Author Events: To Do or Not to Do, That is Today’s Question

J.P. Choquette signs a book for a reader at a signing in early April.

J.P. Choquette signs a book for a reader at a signing in early April.

Ever have an experience like this? You hurriedly finish work just in time to scramble around in the kitchen making a quick dinner, inhale it while wondering if everything is packed in your “author bag/box/container” and then throw kisses over your shoulder to family as you roar away to the evening’s author event.

Is all this rushing and stressing to set up and then attend author events really worth it? It depends.

There is something magical about being able to interact with readers, particularly readers who enjoy your books. In a career where much of one’s time is spent interacting with a laptop more than people, making those real-life connections is refreshing and uplifting. It can push on a writer who has been dreading the next chapter to be written or edited, encourage the author who just received a harsh critique from another writer or spur one’s creative energy. It’s also a wonderful way to get to know what readers like and don’t like, new trends that are emerging in the literary world, and to be a help to would-be authors. Nothing is as fun as being asked writing/publishing questions, is it? And helping others on their way to finish that short story, novel or poem is a great feeling.

On the other hand, there is a lot of time and effort involved in author events. Planning, organizing, promoting and then commuting to and attending the event itself–it can be a large chunk of time depending on the venue. Plus there is no guarantee that anyone will show up or if they do, that they will buy a book or even choose to read one of your books in the future. It’s probably more likely but certainly not guaranteed.

So what’s an author to do? More entrepreneurial-minded authors might say something sensible like, “Well, take a look at the ROI,” (that’s Return on Investment, a business term I know because of the freelance work I do). “If it’s not making you X than let it go.” And then there are the creative souls who want to share their work with the world. We have, after all, spent weeks, months and sometimes years crafting this artwork. Why would we choose not to see people’s reactions to it in person? To interact with the very people we wrote the book for?

But is our time better spent in focusing on our next writing project? Does it make sense to spend five hours on one event when that time could have been used to promote our book online or work on the next title?

What do you think? How many author events do you choose to do each year and why do you choose to participate? What have been some drawbacks to attending author events? Any unexpected positive surprises?

J.P. Choquette pens her Green Mountain Thrillers from northwestern Vermont where she also lives. In her free time she enjoys playing in the dirt, walking, reading and drinking hot sweetened beverages. . . but not all at the same time.

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6 Responses to Author Events: To Do or Not to Do, That is Today’s Question

  1. All great questions. I attend pretty much any event I can drive to, and a few I buy a plane ticket to. I prefer events I am paid to attend, of course, or where I’m pretty sure I’ll sell some books. The least attended event I went to was last summer a few towns away. The library had publicized it well, as had I. As seven PM came and went and only one woman sat in front of the podium (NOT the librarian. Not even the librarian…), I pulled up a chair next to her. We had a lovely chat for about forty minutes and then she bought five books. So it paid for my gas, I made a strong personal connection, and I went home. No contact is ever wasted!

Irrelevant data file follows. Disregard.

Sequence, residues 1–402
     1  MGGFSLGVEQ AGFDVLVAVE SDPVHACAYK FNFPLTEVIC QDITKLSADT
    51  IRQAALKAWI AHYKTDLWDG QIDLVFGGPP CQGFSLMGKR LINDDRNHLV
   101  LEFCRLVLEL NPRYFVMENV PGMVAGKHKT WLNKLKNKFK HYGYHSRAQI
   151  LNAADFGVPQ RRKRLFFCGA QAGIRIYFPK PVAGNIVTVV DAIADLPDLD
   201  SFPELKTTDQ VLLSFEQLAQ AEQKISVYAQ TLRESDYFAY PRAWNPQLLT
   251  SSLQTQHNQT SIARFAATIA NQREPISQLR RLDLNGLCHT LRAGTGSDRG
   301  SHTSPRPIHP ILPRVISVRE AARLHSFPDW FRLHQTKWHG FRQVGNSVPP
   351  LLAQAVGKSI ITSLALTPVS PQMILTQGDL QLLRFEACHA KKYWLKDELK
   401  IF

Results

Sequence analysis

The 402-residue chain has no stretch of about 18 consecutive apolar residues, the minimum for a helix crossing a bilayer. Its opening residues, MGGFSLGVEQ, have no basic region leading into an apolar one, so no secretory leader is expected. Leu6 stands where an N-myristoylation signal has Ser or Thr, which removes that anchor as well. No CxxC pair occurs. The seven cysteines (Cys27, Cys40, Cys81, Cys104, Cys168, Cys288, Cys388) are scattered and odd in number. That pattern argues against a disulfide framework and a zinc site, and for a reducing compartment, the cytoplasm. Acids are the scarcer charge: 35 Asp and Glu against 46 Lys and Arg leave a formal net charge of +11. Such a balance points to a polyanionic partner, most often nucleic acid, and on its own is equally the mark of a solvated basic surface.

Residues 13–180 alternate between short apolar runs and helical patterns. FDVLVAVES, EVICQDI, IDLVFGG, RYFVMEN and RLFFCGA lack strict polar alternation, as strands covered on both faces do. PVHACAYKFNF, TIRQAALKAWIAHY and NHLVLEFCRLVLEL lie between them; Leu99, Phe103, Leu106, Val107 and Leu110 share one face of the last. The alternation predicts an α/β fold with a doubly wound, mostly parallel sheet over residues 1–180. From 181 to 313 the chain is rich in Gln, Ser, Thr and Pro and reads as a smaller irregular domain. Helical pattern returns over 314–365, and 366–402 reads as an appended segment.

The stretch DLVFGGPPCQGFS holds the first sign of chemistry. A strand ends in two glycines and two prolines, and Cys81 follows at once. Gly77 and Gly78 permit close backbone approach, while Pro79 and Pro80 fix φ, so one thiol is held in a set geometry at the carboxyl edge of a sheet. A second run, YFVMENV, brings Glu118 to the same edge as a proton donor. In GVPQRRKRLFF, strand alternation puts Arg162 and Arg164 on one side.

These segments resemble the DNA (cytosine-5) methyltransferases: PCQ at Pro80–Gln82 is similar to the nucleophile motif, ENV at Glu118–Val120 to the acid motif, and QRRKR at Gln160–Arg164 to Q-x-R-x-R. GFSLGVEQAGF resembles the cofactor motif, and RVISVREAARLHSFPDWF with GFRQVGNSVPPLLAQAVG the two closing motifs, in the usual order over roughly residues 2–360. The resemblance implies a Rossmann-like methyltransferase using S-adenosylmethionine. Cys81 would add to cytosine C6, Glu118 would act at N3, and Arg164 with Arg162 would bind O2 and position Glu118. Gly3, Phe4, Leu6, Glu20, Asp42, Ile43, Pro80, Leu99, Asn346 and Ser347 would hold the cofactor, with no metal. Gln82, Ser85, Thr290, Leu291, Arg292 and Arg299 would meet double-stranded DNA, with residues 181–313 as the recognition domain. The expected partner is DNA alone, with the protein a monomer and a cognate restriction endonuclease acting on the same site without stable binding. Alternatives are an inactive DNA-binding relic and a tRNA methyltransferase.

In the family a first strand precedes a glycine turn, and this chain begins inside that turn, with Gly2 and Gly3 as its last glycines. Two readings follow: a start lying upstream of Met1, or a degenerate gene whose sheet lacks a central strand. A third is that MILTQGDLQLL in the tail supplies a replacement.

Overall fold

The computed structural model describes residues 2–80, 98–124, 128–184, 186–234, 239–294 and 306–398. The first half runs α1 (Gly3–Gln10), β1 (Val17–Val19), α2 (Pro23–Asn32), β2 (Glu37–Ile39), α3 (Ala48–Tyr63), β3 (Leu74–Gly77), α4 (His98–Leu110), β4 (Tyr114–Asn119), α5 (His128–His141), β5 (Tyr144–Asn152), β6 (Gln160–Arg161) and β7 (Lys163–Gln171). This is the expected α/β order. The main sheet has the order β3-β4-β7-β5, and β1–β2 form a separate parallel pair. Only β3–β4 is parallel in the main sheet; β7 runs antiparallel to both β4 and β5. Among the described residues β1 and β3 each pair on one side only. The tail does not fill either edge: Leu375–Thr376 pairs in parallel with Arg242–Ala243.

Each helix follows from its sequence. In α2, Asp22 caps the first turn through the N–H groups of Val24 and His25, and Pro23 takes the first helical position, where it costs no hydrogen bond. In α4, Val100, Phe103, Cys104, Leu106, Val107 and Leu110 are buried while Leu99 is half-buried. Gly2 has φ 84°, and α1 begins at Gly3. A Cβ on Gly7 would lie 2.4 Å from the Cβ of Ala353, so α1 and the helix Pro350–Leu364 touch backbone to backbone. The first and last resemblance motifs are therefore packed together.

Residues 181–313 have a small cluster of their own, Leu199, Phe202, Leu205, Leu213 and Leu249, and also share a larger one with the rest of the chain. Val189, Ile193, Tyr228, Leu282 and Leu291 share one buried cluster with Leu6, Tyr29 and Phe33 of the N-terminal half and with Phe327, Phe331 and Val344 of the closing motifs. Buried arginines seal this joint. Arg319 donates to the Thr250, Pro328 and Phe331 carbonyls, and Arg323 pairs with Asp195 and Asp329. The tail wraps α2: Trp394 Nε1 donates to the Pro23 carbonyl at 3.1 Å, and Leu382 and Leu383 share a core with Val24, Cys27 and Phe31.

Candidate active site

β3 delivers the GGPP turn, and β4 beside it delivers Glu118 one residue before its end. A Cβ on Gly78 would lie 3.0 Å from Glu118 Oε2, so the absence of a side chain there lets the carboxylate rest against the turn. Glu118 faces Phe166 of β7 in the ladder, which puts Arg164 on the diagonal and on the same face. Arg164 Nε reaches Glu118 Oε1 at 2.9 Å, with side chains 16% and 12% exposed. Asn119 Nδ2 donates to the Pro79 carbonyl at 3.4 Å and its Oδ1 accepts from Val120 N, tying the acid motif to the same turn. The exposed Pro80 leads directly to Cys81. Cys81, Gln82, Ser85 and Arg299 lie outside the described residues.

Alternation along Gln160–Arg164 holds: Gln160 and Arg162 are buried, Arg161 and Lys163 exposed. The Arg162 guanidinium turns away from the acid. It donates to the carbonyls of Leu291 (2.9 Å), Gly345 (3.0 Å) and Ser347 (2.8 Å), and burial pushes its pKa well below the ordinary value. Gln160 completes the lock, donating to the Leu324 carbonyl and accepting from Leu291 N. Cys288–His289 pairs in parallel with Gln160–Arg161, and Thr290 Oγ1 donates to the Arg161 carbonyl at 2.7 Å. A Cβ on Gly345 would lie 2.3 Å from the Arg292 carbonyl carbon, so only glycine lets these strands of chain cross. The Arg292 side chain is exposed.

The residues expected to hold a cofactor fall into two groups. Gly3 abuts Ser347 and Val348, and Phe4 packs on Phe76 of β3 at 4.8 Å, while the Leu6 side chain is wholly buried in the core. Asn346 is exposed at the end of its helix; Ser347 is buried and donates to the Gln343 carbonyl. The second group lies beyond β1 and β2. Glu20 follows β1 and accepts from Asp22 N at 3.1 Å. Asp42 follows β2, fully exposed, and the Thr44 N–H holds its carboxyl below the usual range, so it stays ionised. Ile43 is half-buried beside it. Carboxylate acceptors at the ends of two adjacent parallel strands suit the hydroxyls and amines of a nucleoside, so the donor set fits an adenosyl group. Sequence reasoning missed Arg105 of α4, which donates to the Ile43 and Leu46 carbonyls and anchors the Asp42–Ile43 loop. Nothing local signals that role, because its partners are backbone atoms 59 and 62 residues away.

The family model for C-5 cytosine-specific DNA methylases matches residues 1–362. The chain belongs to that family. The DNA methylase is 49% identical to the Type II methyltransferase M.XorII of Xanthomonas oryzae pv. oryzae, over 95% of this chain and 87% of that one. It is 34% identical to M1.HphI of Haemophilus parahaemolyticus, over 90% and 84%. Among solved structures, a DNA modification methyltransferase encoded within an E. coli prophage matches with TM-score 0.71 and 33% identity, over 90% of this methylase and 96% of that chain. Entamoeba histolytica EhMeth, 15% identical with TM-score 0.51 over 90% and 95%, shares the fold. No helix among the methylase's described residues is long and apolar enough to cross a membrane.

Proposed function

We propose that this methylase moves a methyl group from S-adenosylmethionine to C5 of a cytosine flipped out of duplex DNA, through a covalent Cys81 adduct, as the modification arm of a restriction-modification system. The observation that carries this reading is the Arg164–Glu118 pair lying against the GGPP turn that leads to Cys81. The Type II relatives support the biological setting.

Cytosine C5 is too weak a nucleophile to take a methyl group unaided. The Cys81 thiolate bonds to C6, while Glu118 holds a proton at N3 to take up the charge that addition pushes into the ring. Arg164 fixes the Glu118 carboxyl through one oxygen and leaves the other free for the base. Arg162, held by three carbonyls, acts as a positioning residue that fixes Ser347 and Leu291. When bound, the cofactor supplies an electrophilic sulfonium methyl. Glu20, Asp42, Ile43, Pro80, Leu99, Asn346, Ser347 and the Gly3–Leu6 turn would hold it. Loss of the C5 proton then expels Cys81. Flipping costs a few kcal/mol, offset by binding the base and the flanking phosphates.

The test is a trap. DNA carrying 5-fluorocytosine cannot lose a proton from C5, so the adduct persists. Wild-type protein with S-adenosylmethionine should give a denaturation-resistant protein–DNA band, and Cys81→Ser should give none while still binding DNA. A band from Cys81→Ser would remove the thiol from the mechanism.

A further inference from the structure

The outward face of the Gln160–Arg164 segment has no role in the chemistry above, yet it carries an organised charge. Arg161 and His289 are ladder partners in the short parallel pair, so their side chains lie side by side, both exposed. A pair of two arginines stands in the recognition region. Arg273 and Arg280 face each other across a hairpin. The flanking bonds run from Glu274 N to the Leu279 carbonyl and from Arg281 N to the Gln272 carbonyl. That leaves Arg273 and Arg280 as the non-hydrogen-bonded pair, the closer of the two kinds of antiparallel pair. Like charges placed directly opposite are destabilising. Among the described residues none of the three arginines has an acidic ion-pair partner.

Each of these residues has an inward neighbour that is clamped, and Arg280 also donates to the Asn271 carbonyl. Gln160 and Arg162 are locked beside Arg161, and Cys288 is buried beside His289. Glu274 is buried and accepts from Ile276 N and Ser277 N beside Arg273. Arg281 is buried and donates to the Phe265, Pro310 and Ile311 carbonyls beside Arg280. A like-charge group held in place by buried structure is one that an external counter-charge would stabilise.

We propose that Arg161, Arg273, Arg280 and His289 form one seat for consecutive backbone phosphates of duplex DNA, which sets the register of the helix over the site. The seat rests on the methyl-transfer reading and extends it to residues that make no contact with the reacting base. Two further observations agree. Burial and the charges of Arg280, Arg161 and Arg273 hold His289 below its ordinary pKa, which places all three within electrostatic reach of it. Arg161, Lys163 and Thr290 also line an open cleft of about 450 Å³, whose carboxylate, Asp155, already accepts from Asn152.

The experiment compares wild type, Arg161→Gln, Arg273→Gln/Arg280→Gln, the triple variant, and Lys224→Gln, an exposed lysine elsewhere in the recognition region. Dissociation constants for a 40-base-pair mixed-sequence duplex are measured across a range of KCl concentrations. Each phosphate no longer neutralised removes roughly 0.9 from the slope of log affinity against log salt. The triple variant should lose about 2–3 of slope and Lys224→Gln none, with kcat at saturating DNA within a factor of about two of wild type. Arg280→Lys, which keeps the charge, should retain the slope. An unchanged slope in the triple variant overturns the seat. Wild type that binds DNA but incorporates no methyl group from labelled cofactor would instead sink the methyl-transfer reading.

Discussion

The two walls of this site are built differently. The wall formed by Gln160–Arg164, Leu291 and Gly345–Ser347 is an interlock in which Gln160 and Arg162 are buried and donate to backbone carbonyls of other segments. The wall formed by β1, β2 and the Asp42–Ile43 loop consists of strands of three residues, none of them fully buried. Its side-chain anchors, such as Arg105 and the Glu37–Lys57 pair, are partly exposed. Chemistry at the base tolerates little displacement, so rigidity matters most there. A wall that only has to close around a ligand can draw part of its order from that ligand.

2. jpchoquette says:

    Thanks, Edith, for sharing~I find that to be very true, “no contact is ever wasted.” Wise words! I’ve had one similar event to the one you mentioned and fortunately the one person who showed up was a reporter and ended up doing a beautiful spread in the local paper on me/my book! It was a wonderful surprise. Glad your attendee made a hefty purchase, that helps for sure. 🙂

  3. marilynm says:

    I love events and will go where I can drive. If I worried about whether or not the event would pay for itself, I’d probably never go. Yes, it’s work, but to me it’s a lot of fun, even if only one person comes. I’m doing one this Saturday and I have one friend who is driving over from the coast (3 hr drive), spending the night in a hotel so she can attend. Even if she’s the only one there, I’ll give her my all.

    • jpchoquette says:

      Thanks for weighing in, Marilyn. It sounds like you enjoy pairing work with fun–a drive to coast sounds great! Do you place any restrictions on your events other than within driving distance? And what do you find most rewarding from attending author events?

  4. J.P., this is a great post for thinking about (which is part of why it’s taken me so long to comment). My approximate rules: If it’s local, always say yes (and I do, with pleasure). If it’s more than 50 miles away, think hard about what the “return” will be, and don’t be afraid to ask for a different approach, like teaming up with an author “local” to that location, who’ll be able to bring in the readers. I’ve become a fan of team efforts!

    • jpchoquette says:

      This sounds like a solid plan, Beth, and one that works well for you–I especially appreciate the mileage limit vs. looking at the potential return. It’s important, isn’t it, to do what fits in this situation? What works for one author might not work for another and vice-versa. Thanks for weighing in and sharing your thoughts!

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